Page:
WHEN A STRANGER CALLS
**** (out of 5)
February 3, 2006
Camilla Belle as JILL JOHNSON
Tommy Flanagan as STRANGER
Tessa Thompson as SCARLET
Katie Cassidy as TIFFANY
Brian Geraghty as BOBBY
Clark Gregg as MR. JOHNSON
Studio: Screen Gems
Directed by: Simon West
BY KEVIN CARR
Listen to Kevin’s radio review…
I’ve been very critical of the horror movie remakes that hit the screens in the past couple years. “The Texas Chainsaw Massacre” was weak, “The Amityville Horror” was silly, and “House of Wax” was a complete abomination.
The latest remake to come out is “When A Stranger Calls.” I expected this film to suck wind like you wouldn’t believe. For the record, I never saw the original film, so I’m not going to fault by comparing the two. Like “Amityville,” the original could have sucked wind as well, and I wouldn’t know any better.
When the film started, it felt like the run-of-the-mill teenage horror flicks from the 1980s. A pretty, virginal girl is at school. She’s got boyfriend problems and girlfriend problems. And she’s been grounded for using the telephone too much. To pay back her parents, she has to baby-sit that night for a wealthy doctor who lives in a secluded house on a lake.
The 1980s were my heyday of horror films, so this movie felt very nostalgic to me. These kinds of films aren’t going to win any awards, but if done properly, they can be good, clean fun. And that’s how I approached the movie – as a batch of escapism for a high school Friday night.
Based on the urban legend of a babysitter getting threatening phone calls, the movie is far from unpredictable. But then again, how many horror movies out there aren’t?
The first half is a bit heavy-handed with the sound design and music, but the rest of the direction takes a slow build in suspense. Instead of painting the town red with stage blood, “When a Stranger Calls” makes some deft choices in the use of tension and suspense.
Look, we all know that there’s really a killer out there. We all know that the babysitter – and the kids she’s babysitting – are in grave danger. So we know that the house cat jumping out of the shadows is just a tease to a greater climax. In a film like this, you can’t avoid the cliches.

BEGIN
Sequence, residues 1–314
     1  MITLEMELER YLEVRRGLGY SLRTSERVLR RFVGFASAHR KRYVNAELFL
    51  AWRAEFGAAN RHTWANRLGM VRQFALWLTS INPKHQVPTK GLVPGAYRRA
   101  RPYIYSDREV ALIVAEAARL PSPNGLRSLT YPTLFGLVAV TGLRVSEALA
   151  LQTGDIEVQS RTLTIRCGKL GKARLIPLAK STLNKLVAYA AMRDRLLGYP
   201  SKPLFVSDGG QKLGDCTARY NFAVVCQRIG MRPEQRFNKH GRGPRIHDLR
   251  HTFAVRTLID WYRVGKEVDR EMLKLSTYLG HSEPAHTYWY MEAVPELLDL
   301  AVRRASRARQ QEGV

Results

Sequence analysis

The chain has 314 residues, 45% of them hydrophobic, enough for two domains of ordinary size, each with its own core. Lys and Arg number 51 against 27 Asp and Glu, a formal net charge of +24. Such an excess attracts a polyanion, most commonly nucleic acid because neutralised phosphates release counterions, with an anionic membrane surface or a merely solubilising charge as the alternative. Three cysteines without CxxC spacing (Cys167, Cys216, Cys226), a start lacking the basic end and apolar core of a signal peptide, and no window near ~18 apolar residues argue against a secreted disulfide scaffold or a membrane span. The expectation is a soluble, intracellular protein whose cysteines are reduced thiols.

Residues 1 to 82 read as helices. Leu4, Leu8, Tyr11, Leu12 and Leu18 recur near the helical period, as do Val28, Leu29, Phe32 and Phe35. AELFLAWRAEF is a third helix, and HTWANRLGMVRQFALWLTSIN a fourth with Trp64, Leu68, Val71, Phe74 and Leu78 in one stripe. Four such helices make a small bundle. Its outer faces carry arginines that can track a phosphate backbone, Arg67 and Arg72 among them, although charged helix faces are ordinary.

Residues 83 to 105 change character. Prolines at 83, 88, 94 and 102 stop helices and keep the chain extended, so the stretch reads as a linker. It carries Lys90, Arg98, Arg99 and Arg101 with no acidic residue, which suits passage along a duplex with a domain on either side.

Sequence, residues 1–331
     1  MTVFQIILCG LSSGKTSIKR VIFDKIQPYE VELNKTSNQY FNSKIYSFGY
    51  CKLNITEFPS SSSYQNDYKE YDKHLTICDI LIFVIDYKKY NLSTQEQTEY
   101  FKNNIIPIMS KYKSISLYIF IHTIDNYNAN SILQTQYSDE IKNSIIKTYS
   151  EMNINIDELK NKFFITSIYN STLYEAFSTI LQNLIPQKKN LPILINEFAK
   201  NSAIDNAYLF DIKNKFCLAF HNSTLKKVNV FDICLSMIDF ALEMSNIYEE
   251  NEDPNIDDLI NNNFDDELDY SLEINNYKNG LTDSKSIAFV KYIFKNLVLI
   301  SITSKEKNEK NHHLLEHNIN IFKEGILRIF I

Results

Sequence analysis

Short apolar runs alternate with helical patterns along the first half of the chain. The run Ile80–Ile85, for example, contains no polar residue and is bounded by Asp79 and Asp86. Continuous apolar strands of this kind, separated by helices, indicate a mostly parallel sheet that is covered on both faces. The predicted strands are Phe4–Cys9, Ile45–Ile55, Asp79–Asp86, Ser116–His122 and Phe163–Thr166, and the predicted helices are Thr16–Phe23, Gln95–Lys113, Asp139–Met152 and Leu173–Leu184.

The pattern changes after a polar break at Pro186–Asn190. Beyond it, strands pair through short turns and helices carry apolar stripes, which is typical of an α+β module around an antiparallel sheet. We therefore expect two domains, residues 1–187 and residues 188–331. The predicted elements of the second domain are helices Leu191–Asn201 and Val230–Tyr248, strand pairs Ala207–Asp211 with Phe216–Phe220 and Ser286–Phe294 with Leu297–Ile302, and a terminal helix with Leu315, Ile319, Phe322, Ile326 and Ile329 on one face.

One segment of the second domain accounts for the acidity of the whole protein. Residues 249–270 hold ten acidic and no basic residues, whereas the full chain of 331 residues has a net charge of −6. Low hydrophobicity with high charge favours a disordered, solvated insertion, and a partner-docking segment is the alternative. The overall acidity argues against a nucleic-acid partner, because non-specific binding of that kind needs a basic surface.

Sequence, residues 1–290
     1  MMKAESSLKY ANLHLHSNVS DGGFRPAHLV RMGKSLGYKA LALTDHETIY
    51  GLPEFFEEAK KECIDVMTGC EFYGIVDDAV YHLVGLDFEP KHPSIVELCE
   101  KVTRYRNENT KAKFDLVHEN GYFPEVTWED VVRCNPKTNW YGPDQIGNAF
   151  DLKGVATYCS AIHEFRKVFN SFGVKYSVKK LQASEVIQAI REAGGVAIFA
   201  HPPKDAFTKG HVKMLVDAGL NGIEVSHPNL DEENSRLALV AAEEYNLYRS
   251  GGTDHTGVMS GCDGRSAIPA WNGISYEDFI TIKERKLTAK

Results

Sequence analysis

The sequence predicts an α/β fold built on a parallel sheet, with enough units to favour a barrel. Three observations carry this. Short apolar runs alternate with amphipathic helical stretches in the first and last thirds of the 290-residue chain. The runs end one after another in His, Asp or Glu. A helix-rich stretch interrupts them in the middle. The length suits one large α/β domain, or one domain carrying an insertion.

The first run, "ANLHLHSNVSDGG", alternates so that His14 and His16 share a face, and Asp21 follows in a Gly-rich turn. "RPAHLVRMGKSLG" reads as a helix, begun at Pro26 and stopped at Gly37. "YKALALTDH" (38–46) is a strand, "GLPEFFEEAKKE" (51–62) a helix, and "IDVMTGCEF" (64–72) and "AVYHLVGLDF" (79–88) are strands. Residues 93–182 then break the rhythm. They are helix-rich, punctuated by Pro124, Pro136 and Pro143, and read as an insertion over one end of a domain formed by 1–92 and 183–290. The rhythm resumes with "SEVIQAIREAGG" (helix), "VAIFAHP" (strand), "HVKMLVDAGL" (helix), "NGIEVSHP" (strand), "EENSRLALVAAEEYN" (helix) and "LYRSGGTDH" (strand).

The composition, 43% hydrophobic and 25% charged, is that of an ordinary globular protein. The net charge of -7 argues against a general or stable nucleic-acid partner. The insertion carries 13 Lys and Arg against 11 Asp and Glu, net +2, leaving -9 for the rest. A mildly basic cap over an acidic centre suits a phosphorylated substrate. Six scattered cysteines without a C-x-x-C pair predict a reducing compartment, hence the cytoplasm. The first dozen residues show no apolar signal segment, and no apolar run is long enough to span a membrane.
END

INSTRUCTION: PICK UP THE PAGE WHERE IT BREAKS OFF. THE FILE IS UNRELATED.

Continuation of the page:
But what happens is that the cliches are turned upside down. What we expect to happen in a horror film is used against us, baiting us in a different way. Director Simon West makes some great calls by not putting the killer in a mask and front-loading the movie with so many red herrings that we get numb before something truly threatening happens.
“When a Stranger Calls” is an extremely simple film. Most of the movie takes place in the house alone with the babysitter, and it doesn’t get boring. The tension builds slowly throughout, even though we are all waiting for that classic line of “The calls are coming from inside the house!”
Another aspect of the film that was well done was the direction of Camilla Belle, who plays the babysitter. Sure, much of her job is to look pretty and act scared, but she does well with that. She may not win any Oscars in the future, but she can have a mighty fine career as a scream queen.
Plus, her character isn’t the terrified and stupid girl you’d normally see in a movie like this. Aside from one scene where she goes to check the guest house, there’s really nothing she does that falls in the standard stupid moves of a girl in a horror movie. Oh, and she fights like a wolverine when confronted by the killer, which is great to see.
When all was wrapped up with this movie, I was very pleasantly surprised. In a culture of gore and splatter films, it’s nice to see a real nail-biter with well done suspense for a change.